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Dirty Dancing on stage

A true-to-screen production of the well-loved film hits the stage in Sussex.

“That was sooo good!” – the verdict of my sister-in-law and I as we turned to each other beaming (and not a little weepy) at the end of the latest stage outing of Dirty Dancing.

This new tour kicks off in Brighton with an extended run at the Theatre Royal ending this Saturday 29 Sept and it is well worth carrying a watermelon to.

To be honest, my expectations for the show had been limbo-low. I expected a cheese-fest pastiche, perhaps with some added wistful solos – something light and feel-good but lacking the spirit of the original.

In fact, fans be reassured, it sticks wonderfully close to the well-loved film. I made plenty of little gasps of recognition as on-screen details made it to the stage. Yes, there are the watermelons, the pink dress, the corner, the lift, but so much more besides.

Most outfits Baby wears are instantly recognisable from the film, and indeed my own copycat wardrobe at the time! (The white jeans are missing…. but, face it, they are rarely a good idea). The set too was much more detailed than I expected for a dance-heavy production. The exterior and interior of Kellerman’s switch deftly by means of a revolving set. There’s even a slice of kitchen for the scene when Penny is found crying.

Little choreography touches in the interaction between Baby and Johnny, yes, even in the bedroom scene, are pleasingly familiar (so much so I was willing the curtain to come down before it got more steamy – stage always feeling more embarassingly intimate than film).

The attention to detail is such that even the episode where Johnny and Baby practice the lift in the water is kept in with the help of a projection – perhaps a step too far as it elicited good-natured guffaws from the audience as the pair remerged from the ‘water’ hair not the slightest bit damp.

As for the dialogue… of course the famous lines are there, and get cheers and whoops from the audience but that’s not all. “I pretty much know Dirty Dancing word-for-word and it’s just the same!” marvelled my sister-in-law – a serial DD binger – during the interval.

For many of us, Dirty Dancing is part of our DNA, for the few who don’t know, here’s the lowdown.

Idealist and cardigan-wearing Daddy’s girl Frances Houseman, known as ‘Baby’, spends summer at an upmarket holiday camp with her older sister and parents. There she encounters the backstage talents and dramas of the dance staff, in particular grumpy hottie Johnny Castle. To help out Johnny’s desperate dance partner Penny (because, for some implausible reason, none of the other dancers can stand in) Baby swiftly learns Penny’s moves for a show… leading to some horizontal dancing with Johnny and a fallout with her folks. Might some cracking twirls and a big lift save the day?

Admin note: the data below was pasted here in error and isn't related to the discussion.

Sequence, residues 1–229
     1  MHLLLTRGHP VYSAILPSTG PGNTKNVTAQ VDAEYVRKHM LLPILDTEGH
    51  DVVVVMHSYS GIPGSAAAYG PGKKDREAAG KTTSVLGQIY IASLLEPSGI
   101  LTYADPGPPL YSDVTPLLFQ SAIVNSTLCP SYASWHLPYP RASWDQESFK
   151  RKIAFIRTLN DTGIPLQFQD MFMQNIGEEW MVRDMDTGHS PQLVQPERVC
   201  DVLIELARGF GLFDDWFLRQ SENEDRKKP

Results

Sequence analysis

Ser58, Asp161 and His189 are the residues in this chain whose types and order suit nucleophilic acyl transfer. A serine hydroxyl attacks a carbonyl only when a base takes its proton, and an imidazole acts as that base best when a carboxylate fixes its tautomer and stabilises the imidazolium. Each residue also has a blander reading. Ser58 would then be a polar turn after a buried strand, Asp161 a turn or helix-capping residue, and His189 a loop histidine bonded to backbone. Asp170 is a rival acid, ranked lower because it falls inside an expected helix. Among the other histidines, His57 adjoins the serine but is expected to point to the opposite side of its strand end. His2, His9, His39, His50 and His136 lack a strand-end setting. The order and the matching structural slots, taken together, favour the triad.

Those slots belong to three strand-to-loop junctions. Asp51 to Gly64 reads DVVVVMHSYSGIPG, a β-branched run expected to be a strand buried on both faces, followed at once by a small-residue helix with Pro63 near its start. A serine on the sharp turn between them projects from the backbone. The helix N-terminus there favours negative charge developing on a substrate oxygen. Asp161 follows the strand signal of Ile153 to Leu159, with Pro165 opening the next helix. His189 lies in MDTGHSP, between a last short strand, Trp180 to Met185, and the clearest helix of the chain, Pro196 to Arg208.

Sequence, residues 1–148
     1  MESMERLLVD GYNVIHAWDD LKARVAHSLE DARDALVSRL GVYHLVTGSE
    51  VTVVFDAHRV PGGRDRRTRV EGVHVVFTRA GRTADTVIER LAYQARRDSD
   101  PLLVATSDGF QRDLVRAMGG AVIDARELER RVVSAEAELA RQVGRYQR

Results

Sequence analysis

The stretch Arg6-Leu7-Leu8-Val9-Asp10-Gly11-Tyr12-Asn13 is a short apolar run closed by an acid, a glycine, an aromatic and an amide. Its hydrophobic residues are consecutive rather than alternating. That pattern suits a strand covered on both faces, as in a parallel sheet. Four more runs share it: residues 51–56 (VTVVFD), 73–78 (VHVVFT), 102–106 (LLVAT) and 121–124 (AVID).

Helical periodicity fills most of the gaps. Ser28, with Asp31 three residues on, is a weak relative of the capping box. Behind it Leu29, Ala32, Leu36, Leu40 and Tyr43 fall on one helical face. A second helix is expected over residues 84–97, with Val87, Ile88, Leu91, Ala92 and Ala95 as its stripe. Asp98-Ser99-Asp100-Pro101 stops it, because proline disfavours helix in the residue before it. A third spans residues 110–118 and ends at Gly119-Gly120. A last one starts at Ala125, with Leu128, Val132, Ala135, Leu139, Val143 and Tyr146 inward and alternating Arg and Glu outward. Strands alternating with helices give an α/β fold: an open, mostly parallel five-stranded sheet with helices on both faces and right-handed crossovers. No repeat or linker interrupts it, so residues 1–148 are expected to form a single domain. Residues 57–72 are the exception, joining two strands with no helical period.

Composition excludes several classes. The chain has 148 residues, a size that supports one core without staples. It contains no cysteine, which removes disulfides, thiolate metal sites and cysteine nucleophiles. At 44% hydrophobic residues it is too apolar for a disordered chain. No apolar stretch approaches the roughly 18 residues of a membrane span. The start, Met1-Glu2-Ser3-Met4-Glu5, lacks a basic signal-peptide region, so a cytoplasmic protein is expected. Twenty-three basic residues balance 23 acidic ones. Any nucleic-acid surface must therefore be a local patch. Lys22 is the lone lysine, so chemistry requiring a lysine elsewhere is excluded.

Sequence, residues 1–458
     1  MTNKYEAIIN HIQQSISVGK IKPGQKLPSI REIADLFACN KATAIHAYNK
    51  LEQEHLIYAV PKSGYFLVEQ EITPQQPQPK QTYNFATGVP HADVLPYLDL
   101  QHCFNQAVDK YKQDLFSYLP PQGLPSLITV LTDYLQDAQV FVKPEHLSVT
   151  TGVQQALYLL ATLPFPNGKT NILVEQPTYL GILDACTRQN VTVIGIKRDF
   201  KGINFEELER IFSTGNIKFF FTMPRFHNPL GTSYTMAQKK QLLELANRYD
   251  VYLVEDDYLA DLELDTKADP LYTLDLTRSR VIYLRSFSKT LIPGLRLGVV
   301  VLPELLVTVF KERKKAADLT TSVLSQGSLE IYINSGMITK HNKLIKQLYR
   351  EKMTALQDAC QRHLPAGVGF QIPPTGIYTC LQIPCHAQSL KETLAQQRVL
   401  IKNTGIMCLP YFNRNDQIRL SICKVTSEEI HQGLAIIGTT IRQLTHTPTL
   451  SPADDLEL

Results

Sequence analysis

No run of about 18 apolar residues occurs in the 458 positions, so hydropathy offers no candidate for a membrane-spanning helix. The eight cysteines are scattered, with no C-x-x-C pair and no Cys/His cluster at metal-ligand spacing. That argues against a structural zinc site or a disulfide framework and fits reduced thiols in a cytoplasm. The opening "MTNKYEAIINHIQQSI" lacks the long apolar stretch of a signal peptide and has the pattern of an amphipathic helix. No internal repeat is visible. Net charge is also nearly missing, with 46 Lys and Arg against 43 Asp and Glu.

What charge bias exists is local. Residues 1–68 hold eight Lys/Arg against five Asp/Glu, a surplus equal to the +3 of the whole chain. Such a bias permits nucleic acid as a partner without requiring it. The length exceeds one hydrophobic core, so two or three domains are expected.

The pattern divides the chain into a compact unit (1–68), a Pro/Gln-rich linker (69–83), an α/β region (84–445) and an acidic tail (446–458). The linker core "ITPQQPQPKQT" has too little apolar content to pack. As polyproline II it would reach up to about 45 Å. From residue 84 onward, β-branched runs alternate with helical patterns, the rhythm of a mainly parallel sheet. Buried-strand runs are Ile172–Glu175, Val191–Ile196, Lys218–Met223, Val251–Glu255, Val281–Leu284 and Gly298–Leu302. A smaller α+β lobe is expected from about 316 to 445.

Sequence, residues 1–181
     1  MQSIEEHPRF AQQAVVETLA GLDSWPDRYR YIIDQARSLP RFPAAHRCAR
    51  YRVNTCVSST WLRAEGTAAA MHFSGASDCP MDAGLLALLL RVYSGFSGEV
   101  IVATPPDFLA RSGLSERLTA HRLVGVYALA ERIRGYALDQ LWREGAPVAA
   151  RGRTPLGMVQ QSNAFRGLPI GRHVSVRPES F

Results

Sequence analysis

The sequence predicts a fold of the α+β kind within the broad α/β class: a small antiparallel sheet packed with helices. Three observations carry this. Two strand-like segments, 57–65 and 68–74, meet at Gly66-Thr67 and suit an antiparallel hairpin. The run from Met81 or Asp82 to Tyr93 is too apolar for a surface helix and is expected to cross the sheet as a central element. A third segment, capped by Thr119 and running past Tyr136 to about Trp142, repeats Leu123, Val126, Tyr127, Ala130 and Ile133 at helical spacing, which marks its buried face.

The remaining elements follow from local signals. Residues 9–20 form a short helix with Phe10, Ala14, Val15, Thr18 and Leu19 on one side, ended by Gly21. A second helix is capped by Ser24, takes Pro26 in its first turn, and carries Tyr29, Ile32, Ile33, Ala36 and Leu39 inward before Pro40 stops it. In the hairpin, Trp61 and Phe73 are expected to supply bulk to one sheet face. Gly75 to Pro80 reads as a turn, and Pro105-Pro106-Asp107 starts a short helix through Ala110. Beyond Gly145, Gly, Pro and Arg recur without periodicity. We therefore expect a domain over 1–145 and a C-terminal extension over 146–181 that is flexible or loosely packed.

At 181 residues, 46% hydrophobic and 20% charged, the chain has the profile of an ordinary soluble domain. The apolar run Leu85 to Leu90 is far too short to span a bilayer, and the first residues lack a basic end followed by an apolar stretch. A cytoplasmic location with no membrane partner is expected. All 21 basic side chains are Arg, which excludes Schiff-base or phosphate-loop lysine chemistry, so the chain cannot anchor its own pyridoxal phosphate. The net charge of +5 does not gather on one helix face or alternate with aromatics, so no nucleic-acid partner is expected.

I felt some of the minor changes actually enhanced the production. The light-fingered elderly ladies have become a magician with an extra line in sleight-of-hand. A backstory about the civil rights movement has been added, giving us a bit more social context and a chance to foreground Baby’s humanitarian sensitivities. The class war elements and Mr Houseman hypocrisy also felt stronger in the production than they did in the film, which helped the story seem less lightweight.

Kira Malou was fantastic as Baby, her facial expressions and movements betraying her feelings – much harder to carry off without a camera close-up. Baby’s parents meanwhile felt a plausible 1960s couple. Friends and I agreed Johnny (Michael O’Reilly – making his professional debut) seemed to remain more rigid and thuggish-seeming than we’d have preferred – though strangely this was all forgotten when he danced, then took his top off … and err more! We also marvelled at Simone Covele’s super-fluid, leotard-clad movements as Penny.

Kira Malou, Michael O’Reilly and Simone Covele in rehearsal, photo by Alistair Muir

In fact the dancing from all cast members was excellent, even more so when you consider the stage set allows very limited space to spin about. An on-stage band, led by relaxed and cheery Colin Charles as crooner Tito Suarez, helps things go with a swing.

The show brought the audience to its feet on a Monday night and left me feeling I’d been lifted as high as Baby and I’d like to do it all again.

Dirty Dancing: The Classic Story on Stage is at the Theatre Royal, Brighton daily until Sat 29 Sept, including two performances on Fri and Sat. Tickets are from £21.90

The show is also coming to Hastings‘ White Rock Theatre Tues 23 – Sat 27 Oct.


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